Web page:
Age discrimination exists – it’s illegal, and it’s regrettable. Sadly, employers miss out on many highly qualified candidates if they consider age as a factor in the hiring decision.
The good news is there are tactics older workers can use to compete effectively for jobs. Remember, the job interview is an opportunity for the employer to not only meet you and get a sense of your technical abilities, but also whether you fit the competencies (i.e., “soft skills”) required to do the position.
And if you hear post-interview feedback such as, “We don’t think you can keep up with the fast pace," age may be creeping in as a factor. I’ve seen several job seekers from the over-40 set turned down for positions for that reason – but I've also seen it happen to recent college graduates who didn’t convey the sense of urgency or excitement that interviewers wanted to see.
You've got the skills, and you've got the experience. Here are some tips you can use to overcome age discrimination and demonstrate your true value to an employer.
ACING THE JOB INTERVIEW
Your job in the interview is to sell yourself. You need to prepare – and be aware of – how you project yourself.
Record and review a practice interview on video. This way, you can see for yourself how you come across, and you can have someone critique your practice interview with total honesty. Do you convey tangible energy that employers want to see? Do you smile enough? Do you ask impactful questions during the interview? Does your body language show that you're fully engaged in the interview?
Prepare your interview answers. Employers want to see examples from your prior work experience which demonstrate how you will deal with situations in the future. You can prepare your answers in such a way that they show your ability to add value over less experienced candidates.
Prepare concrete examples from your work history of how you dealt with tight deadlines, adapted to fast-moving work environments, and successfully brought programs to conclusion. Some sample questions you might be asked:
- How did you meet that impossible deadline? (Demonstrates quick reaction time)
- How did you rally your coworkers around meeting a time-sensitive task? (Demonstrates team-building and leadership abilities)
- How have you dealt with balancing a heavy work load? (Demonstrates energy and planning skills)
- How did you train and develop your team to be successful? (Demonstrates leadership and succession planning)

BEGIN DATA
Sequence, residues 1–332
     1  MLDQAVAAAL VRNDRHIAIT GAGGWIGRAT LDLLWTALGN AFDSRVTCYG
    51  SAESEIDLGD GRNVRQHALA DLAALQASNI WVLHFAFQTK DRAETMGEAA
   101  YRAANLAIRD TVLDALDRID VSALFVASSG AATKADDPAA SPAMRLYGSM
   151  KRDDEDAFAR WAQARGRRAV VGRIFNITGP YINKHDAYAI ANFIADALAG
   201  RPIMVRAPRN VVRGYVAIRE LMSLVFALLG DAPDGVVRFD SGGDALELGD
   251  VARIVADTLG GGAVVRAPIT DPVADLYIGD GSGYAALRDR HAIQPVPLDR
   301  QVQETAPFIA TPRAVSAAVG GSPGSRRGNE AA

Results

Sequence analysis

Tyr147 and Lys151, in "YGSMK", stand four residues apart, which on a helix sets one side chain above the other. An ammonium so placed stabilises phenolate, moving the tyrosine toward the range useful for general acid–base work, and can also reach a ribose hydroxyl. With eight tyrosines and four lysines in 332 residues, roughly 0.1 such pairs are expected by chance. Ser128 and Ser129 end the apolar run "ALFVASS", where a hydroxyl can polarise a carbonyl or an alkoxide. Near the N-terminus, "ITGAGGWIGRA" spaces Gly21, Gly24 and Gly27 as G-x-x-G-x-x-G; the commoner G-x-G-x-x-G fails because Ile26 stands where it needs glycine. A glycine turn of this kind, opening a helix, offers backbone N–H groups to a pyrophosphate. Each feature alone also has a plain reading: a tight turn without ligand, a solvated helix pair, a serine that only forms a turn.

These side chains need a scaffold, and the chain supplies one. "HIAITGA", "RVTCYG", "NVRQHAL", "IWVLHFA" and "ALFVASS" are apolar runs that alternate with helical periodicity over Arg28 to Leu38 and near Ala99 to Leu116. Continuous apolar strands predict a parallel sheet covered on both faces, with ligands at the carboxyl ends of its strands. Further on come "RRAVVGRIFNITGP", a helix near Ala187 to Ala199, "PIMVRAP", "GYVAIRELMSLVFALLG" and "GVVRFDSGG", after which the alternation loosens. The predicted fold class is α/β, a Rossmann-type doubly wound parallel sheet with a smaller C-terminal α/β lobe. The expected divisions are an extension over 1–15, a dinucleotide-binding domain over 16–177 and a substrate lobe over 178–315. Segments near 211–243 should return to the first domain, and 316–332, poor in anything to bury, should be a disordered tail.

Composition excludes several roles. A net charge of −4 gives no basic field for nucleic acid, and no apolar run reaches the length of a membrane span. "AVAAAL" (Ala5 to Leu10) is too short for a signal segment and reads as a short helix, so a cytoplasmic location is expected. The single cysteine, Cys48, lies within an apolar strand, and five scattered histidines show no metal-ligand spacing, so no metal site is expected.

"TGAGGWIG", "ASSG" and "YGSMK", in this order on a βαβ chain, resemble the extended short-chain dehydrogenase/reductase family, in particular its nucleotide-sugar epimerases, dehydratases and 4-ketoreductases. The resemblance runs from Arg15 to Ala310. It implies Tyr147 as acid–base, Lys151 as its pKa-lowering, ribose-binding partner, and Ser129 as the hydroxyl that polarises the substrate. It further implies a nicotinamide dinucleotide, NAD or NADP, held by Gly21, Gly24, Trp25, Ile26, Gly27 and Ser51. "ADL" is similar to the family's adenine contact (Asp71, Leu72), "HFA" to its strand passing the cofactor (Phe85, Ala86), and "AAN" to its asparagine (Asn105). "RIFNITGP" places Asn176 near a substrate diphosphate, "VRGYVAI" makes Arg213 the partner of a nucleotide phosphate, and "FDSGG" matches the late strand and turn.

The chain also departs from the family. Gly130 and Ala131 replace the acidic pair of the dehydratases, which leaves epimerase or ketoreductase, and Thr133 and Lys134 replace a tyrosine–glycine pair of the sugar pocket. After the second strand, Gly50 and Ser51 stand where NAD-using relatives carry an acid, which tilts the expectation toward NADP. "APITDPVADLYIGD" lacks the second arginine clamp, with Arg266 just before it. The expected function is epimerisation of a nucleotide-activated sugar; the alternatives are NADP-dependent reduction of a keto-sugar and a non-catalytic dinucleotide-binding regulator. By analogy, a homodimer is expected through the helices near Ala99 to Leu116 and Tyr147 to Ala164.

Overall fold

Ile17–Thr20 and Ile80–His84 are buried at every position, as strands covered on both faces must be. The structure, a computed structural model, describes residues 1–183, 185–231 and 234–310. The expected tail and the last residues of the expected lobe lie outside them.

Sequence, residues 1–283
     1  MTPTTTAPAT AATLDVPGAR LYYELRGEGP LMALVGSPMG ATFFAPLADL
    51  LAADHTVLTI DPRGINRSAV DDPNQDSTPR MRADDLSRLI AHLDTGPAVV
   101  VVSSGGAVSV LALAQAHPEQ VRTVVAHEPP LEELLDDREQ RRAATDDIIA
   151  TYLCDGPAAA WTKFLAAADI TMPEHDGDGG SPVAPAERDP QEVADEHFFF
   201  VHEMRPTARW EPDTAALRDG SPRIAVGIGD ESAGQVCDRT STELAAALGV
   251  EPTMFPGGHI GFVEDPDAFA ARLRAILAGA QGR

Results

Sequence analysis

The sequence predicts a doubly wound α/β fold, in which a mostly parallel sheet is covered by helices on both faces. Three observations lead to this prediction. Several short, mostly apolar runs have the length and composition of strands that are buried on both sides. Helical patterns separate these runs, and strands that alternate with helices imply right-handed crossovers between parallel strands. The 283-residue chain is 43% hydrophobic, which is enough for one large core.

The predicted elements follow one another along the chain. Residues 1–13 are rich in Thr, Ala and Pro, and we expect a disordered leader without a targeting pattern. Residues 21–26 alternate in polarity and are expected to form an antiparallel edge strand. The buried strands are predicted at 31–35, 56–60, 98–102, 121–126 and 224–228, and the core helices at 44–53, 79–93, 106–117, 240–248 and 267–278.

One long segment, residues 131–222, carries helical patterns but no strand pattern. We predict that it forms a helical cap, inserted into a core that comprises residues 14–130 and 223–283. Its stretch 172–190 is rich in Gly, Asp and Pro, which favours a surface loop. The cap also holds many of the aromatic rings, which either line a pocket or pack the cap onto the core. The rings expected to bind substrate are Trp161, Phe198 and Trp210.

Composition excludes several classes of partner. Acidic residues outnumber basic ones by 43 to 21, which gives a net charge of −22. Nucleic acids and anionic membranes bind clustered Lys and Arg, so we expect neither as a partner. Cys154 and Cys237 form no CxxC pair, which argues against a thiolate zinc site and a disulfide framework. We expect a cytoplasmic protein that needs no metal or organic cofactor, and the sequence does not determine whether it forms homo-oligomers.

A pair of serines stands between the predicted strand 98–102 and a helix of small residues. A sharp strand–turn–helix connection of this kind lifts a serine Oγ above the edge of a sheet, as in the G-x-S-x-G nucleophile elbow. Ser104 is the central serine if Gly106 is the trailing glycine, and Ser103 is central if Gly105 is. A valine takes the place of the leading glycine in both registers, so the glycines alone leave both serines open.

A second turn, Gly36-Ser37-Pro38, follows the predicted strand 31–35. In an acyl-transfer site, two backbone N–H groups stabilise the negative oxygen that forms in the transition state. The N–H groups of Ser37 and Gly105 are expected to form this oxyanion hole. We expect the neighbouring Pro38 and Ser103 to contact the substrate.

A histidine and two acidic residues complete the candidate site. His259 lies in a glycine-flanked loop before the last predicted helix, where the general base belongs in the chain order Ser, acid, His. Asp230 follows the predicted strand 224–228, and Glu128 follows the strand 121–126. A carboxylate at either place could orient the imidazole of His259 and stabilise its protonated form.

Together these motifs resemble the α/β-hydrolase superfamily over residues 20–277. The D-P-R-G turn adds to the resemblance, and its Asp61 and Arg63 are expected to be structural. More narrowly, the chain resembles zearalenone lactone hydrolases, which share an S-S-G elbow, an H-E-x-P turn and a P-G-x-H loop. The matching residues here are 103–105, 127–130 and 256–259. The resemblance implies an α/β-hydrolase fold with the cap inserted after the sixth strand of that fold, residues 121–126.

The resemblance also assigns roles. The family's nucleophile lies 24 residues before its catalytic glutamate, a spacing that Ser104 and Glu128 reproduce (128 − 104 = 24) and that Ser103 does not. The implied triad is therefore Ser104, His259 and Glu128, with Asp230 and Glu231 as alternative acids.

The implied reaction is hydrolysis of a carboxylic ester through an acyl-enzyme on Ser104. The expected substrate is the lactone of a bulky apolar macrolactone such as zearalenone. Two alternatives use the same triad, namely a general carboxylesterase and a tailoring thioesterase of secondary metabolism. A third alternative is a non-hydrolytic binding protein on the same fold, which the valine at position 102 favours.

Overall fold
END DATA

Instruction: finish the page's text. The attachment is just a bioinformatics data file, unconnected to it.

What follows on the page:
Review your wardrobe. Does your outfit reflect current fashion trends, or does it need updating? A modern suit can do wonders in helping make a great first impression.
OPTIMIZING YOUR RESUME
Your primary task with the resume is to have an employer spend more time focusing on the value you've added lately, and less on your age.
Focus on the past 15 to 20 years. Don’t list jobs from any further back than you need to.
Don’t give too many “tells” of your age on the resume. Examples of these include the year you started your first job, or the year you graduated college.
Include as many recent professional successes as will reasonably fit. Show that you're continuing to make an impact and add value to your organization
Check for – and remove, if possible – clues which may make you look older. For example, if you list a skill it should be because you've been working in it recently as an important part of your career. An example of this is COBOL – it's an older programming language, and it still exists in some corners on older computer systems; if you've been using COBOL the last few years and think you can get a job writing code in it, by all means include it. Otherwise it could be considered old and may adversely date both you and your skills.
Pile on the latest technology or business strategies you've been using. If it's current, in demand, and you're an expert, include it. Examples - cloud solutions, talent management, SAAS, etc. are all hot and current terms.
Lastly, if you're an older worker and would like to learn more strategies about how to succeed in the job hunt, here's an additional resource for your review, a webinar on this very topic I presented last year in partnership with Boston University: https://youtu.be/igIWEBIRYow.
(Special thanks to Jeffrey Murphy, Associate Director of Career Programs with Boston University's department of Development & Alumni Relations).
Scott Singer is the President and Founder of Insider Career Strategies Resume Writing & Career Coaching, a firm dedicated to guiding job seekers and companies through the job search and hiring process. Insider Career Strategies provides resume writing, LinkedIn profile development, and career coaching services, including a free resume review. You can email Scott Singer at firstname.lastname@example.org, or via the website, www.insidercs.com.